Taylor: “Uh-oh, Rexy. Don’t think this one’s got the distance.”
Why it’s the best: Because “Uh-oh, (insert name). Don’t think this one’s got the distance,” can work about a dozen times in any baseball game, anywhere, at any level. So great.

27. 'Going somewhere, meat?'

The setup: Willie Mays Hayes reaches in the ninth inning of the tiebreaker game. The crowd's going crazy. The music is building. Clu Haywood, the burly Yankees first baseman, greets him as he takes a leadoff.
Haywood: “Going somewhere, meat?”
Hayes: “About 90 feet.”
Why it’s the best: Because it rhymes, and because that's exactly what Hayes did.

26. ‘F— you, Jobu.’ I do it myself.'

The setup: With the Indians trailing, 2-0, late in the final game, slugger Pedro Ccrrano swings and misses at two pitches.
Cerrano: “I go to you. I stick up for you. But you no help me now, I say ‘F— you, Jobu.’ I do it myself.”
Why it’s the best: Because you gotta rely on yourself, right? Good lesson, movie people.

25. 'This guy threw at his own kid in a father-son game.'

The setup: Announcer Harry Doyle — played by Bob Uecker, of course — talks about the reliever the Yankees bring into the tiebreaker game.
Doyle: “The Duke leads the league in saves, strikeouts per inning and hit batsmen. This guy threw at his own kid in a father-son game.”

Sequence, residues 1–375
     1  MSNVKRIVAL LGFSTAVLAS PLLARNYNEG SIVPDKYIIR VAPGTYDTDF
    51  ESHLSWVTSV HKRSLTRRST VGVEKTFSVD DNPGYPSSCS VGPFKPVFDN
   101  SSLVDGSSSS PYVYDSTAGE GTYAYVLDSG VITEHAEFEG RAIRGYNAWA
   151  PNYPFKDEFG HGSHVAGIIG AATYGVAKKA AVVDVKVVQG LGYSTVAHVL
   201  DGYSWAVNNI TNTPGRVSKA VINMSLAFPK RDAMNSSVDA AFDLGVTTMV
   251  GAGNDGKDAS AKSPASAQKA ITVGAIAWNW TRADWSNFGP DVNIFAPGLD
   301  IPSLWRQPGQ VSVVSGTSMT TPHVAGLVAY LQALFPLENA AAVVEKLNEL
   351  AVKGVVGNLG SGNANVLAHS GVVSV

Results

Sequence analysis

Why it’s the best: Bob Uecker is awesome.

24. 'Givethem all a nice big s—burger.'

The setup: In the clubhouse, before the first regular-season game of the year.
Manager Lou Brown: “Now I’m much for giving inspirational addresses. I’d just like to point out that every newspaper in the country has picked us to finish last. The local press seems to think we’d save everyone a lot of time and trouble if we just went out and shot ourselves. Me? I’m for wasting sportswriters’ time, so I’d like to hang around a see if we can give them all a nice big s—burger.”
Why it’s the best: Because Brown is just so damn proud of himself for making that joke. And because Cerrano looks all confused and says, “S—burger?”

23. 'Nice velocity. ... Sounded liked it.'

The setup: The first time Lou Brown and Pepper Leach watch Ricky Vaughn throw in spring training. The pitch sails over the catcher and smashes a “No Pepper” sign on the fence.
Brown: “Nice velocity.”
Leach: “Sounded like it.”
Why it’s the best: They didn’t need a radar gun. The sound was enough (but the radar gun did show 96 mph, which was a bigger deal in those days).

22. 'California Penal.'

The setup: Players getting to know each other in spring training.
Willie Mays Hayes: “What the hell league you been playing in?”
Ricky Vaughn: “California Penal.”
Hayes: “Never heard of it. How’d you end up playing there?”
Vaughn: “Stole a car.”
Why it’s the best: Quick, to the point, no judgment.

21. 'Hats for bats.'

The setup: Players file into the communal living space at spring training, complete with bunk beds everywhere. Cerrano and pretty-boy veteran Roger Dorn meet for the first time.
Dorn: “Hey big guy. You a golfer?”
Cerrano: “Hats for bats.”
Dorn: “Yeah? What’s your handicapp?”
Cerrano: “Keep bats warm. Gracias.”
Dorn: “Whoa, amigo. You can’t just … you’re welcome.”